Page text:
Structure of the area division in Denmark.

Danish archives records are based on the locality of each recorded event. The border of certain areas may have changed over time, but the method of recording has remained unchanged. The events in the smallest villages or named area without a church will be recorded in the nearest parish with a church. Similary, some smaller church's records and registrations may been kept by the nearest larger church, and registration therefor noted there. The next step is a district, "Herred" in Danish, which is an old government structure useful to separate or point out names of locations and parishes with the same name in different districts. Be aware that districts in one part of the country, can have the same name as districts in another part of the country. The church divide districts into deaneries called "Provstier", but these are not used for common registration purpose. The districts are under authority of a county administration, in Danish "Amt". This is the largest area Denmark is divided into, except for the archive structure which covers several counties. »The Danish Demographic Database« is the cooperative efforts of the »Danish Data Archives«, the »Danish Emigration Archives« and the Centre of Microfilming of the Danish State Arhives and »Kulturnet Danmark« subsidized the projectstart. Information from Census and Church records from Denmark are being entered by volunteers and can be accessed and/or downloaded. The records are far from complete as both the entering of this data and its organization is a slow and ongoing process. In order to access these files, it is necessary to send in an application .... committing you to only use this for personal, non-commercial use. If accepted you will be provided with a password in order to access this data.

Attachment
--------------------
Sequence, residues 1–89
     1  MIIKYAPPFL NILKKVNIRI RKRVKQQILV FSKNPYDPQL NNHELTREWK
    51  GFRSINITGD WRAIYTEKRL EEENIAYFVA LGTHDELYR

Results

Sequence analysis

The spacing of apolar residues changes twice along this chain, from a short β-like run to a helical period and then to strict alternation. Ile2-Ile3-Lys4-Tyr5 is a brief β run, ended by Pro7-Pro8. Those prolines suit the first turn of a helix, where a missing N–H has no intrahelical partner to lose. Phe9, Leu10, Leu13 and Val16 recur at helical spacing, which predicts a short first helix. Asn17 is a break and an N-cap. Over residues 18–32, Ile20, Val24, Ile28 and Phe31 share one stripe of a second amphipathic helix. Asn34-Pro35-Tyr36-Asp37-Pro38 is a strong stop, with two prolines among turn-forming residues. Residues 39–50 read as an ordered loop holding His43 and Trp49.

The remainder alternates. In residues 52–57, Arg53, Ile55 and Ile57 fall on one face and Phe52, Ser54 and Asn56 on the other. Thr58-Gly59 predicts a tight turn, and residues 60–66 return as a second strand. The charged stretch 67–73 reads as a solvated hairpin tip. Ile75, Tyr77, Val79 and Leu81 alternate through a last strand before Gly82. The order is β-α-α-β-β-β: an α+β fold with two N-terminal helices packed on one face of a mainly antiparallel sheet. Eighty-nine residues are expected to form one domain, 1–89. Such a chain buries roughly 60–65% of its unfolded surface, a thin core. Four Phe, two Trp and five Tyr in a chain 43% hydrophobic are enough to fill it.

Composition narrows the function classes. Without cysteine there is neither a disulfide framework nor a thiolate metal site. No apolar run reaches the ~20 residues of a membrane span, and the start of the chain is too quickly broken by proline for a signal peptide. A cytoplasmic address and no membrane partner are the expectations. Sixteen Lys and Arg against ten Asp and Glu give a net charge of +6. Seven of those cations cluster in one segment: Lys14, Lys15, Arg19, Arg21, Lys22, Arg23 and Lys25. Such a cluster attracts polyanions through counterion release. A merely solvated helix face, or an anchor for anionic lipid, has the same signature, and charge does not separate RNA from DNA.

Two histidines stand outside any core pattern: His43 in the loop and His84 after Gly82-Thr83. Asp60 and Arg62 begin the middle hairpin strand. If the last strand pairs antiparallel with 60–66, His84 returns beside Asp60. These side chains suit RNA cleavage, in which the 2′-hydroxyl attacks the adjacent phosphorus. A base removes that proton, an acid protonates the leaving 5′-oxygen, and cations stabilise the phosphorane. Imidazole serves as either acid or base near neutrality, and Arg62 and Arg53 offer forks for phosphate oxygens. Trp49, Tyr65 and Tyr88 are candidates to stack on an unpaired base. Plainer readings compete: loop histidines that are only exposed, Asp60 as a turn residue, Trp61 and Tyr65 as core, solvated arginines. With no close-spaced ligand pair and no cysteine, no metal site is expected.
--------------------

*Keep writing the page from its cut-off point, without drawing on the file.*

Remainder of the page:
To explain terms of the administrative division, Peter Kristiansen wrote in news:soc.genealogy.nordic:
»When working with family research in Denmark, there are four geographical units you have to be familiar with:
Ejerlav: association of houseowners - bad translation, but that is what my vocabulary says. A number of properties, with or without buildings, forms a village [landsby].
A group of villages forms a parish [sogn]. In one of the villages you'll find the church. Before 1850 you have very few parishes with more than one church.
A group of parishes forms the shire [herred].
And a group of shires forms the county [amt].
Today Denmark is divided into 14 counties, but before 1970 there was 23 counties.
You have two kinds of parishes - village parishes and town parishes (in english you'll probably use the word borrough).
Village or countryside parishes, can contain from one to several villages, and farms.
Town parishes are limited to the town borders, and in larger towns you can find several parishes. The town-churches can also have parishes outside the town limits, and they are in danish called landsogn - landparish.
The kommune, the municipality, was made during the 1840's, and are until 1970, similar to one or several parishes. Normally two parishes made a municipality.«
Oldest seal of Copenhagen - from 1296 - link to a chronology

Copenhagen from olden times, has had special privileges as it's own county district and provinceial towns appear slight different than parishes both in curch and census records since the number of people is larger. Streetnames, house and department or floor numbers is often noted in more recent curch records and of course always in census.

by Poul Erik Jensen